First conceived in early 2016, Yao Jui-chung's "Incarnation" series covers more than 230 temples, cemeteries, public gardens, and amusement parks, photographed within one and a half years in an intensive manner, featuring the statues of deities created by the Han people by reference to their self-images. Some of these statues are toppled, while others remain standing. Carefully observing these statues, namely the objects of people’s psychological projection, one may further grasp the endemic political relations in different geographical spaces.
The artist evades narrative by intentionally leaving out people in each frame, shunning religious gatherings or festivities. He focuses on the physical embodiment of the gods — a projection of devotees’ fervent desire. Adopting a typological approach, he captures not the local folk culture, but the landscape that cradles the staggering statues; not unusual cases but mundane existence. Devoid of humans, events, or disasters, this body of work explores the manifestation of human wants in a clinical approach that eschews religious architecture, folk activities, or worship ceremonies. In a dispassionate, monotone palette, this new photography series scrutinizes the inextricable connections between man, religion, and faith.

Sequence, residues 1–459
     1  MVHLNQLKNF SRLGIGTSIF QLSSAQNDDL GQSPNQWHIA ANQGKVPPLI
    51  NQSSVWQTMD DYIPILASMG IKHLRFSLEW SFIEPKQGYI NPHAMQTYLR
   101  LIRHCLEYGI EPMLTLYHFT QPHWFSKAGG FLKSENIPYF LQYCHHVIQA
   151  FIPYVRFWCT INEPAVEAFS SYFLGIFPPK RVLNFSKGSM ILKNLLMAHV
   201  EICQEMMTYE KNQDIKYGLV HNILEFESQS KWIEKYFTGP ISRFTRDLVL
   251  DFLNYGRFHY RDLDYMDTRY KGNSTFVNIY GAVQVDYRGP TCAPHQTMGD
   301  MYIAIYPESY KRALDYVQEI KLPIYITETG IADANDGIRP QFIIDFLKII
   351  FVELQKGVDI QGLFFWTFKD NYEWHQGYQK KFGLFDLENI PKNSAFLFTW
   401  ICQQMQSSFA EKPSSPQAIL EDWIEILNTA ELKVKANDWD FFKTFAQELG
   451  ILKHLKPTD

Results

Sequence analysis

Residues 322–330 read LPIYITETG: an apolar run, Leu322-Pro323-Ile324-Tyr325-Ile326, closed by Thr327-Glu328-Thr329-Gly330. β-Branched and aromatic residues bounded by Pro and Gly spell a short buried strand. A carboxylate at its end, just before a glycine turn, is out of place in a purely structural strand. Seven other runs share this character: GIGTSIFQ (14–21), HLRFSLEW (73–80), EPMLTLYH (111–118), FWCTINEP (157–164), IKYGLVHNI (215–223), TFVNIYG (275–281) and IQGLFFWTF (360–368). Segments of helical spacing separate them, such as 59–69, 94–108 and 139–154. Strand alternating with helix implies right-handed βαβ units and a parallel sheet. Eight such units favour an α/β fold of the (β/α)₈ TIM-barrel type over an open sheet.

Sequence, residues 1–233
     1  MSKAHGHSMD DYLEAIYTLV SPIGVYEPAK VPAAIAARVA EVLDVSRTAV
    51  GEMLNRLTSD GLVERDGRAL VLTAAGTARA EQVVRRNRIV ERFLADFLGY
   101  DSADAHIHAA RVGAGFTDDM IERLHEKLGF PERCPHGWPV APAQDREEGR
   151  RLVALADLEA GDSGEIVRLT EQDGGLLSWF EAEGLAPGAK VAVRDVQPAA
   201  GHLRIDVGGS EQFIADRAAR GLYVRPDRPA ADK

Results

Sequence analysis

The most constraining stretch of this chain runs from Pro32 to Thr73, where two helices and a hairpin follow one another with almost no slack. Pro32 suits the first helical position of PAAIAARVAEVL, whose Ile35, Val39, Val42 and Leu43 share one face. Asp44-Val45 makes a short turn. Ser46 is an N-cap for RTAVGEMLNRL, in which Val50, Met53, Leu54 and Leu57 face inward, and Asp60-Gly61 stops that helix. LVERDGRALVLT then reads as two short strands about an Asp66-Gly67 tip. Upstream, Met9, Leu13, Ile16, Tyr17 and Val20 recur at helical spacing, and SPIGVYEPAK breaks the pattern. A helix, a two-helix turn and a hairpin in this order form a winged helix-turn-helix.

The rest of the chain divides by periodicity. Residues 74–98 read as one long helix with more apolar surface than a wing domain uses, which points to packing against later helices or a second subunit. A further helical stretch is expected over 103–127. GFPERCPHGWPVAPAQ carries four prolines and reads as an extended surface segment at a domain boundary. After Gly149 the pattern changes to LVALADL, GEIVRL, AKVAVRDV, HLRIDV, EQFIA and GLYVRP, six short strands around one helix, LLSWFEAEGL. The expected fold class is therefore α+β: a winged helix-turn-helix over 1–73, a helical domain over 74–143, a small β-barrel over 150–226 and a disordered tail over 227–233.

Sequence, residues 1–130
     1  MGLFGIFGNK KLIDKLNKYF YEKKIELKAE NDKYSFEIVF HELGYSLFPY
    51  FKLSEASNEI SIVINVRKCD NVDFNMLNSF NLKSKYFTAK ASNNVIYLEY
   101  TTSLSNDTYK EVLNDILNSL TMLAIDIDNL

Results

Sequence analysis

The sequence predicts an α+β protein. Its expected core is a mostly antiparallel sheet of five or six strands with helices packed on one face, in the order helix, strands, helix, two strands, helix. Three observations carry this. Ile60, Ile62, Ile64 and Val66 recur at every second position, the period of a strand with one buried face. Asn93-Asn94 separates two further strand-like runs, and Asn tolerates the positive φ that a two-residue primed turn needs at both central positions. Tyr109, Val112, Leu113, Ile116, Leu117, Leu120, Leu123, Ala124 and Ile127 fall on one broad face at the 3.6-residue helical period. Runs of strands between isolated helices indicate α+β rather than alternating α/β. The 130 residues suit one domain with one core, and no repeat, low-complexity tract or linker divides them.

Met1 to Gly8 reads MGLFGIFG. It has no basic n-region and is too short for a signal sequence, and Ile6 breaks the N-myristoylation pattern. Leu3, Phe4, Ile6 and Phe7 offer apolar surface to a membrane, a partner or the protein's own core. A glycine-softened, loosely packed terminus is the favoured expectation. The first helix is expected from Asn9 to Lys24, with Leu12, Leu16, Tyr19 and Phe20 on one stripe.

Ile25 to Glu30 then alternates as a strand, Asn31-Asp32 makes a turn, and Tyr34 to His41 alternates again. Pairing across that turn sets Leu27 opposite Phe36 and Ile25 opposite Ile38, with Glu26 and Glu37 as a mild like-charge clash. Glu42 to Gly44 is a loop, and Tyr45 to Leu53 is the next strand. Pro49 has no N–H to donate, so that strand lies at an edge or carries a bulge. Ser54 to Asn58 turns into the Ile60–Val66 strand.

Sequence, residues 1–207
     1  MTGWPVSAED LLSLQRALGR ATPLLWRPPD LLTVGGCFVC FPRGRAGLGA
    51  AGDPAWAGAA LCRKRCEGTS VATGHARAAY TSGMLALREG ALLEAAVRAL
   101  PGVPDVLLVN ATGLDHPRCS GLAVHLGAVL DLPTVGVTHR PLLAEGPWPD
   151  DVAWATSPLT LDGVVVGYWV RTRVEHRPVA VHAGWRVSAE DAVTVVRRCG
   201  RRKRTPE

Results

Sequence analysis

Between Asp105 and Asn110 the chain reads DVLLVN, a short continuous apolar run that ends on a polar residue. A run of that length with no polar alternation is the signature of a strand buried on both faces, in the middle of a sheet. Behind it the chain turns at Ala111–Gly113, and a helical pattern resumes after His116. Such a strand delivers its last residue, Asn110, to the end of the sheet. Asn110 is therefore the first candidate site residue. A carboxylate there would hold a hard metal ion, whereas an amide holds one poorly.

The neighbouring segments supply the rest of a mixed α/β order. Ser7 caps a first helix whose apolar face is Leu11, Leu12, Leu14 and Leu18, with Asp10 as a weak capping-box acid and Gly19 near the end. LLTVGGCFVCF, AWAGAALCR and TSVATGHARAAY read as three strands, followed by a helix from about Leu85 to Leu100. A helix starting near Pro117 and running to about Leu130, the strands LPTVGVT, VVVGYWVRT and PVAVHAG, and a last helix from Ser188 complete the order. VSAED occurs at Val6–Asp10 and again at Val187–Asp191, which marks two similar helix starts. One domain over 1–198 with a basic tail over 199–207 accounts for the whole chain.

The desires of the multitudes shape the explicit forms of these colossal statues of deities. However, these materialized forms are every bit as illusory as dreams and bubbles, since emptiness is the nature of tattva, or ultimate reality. Yao Jui-chung captures the absurdity of deity statues against the urban backdrop, where the interconnecting relationships between deities and humans resonate to the mundane desires that are at once vacant and lusty. Distilling a sense of beauty in the monotone palette, the 300 images document the sensualist society with clinical detachment.
In addition to the array of 300 gelatin silver prints that portray the human desire, a three-channel video installation of Incarnation is also on view, where the rising and falling tones of the complex radio spectrum of Saturn recorded by NASA transport the viewer to the mystical universe. Deities of all stripes on the three screens instantiate the intertwining relationship between history and society. Evoking a road movie, the video installation deconstructs and repaints the landscape of Taiwan, suffused with a magical divinity interspersed with sentient yearnings.
There is also a performance by sound artist Dawang Yingfan Huang and musician Meuko! Meuko!, who is known in Japan and Taiwan for her experimental approach to electronic music. Conceived as a modern version of religious tribute to the gods, the collaboration reassembles the visual and sound elements of a traditional temple fair and conjures an organic performance that manifests Taiwanese cultural and religious beliefs.